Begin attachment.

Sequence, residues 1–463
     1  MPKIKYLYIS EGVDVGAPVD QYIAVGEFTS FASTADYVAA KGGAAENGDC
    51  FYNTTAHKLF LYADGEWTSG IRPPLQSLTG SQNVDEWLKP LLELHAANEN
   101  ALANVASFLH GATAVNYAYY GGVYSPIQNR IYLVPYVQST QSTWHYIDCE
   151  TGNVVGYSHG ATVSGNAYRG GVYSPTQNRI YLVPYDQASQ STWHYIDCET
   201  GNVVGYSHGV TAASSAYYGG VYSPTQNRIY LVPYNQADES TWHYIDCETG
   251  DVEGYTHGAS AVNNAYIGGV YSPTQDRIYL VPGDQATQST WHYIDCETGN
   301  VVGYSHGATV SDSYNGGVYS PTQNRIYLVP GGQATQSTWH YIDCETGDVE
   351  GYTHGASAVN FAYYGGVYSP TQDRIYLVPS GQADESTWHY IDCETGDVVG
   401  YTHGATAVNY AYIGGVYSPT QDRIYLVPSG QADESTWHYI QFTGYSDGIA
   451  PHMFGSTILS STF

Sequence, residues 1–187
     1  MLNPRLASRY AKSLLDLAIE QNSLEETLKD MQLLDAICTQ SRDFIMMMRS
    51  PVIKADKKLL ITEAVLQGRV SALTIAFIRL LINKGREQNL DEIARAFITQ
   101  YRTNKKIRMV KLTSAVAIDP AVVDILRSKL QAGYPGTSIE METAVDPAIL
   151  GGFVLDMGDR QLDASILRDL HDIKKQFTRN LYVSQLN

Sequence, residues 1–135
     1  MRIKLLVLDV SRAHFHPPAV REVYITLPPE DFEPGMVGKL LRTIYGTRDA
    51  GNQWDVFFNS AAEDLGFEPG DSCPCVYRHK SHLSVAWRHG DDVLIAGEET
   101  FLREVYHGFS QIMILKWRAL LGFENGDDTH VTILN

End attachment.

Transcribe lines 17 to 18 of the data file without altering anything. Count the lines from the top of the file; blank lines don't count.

Sequence, residues 1–135
     1  MRIKLLVLDV SRAHFHPPAV REVYITLPPE DFEPGMVGKL LRTIYGTRDA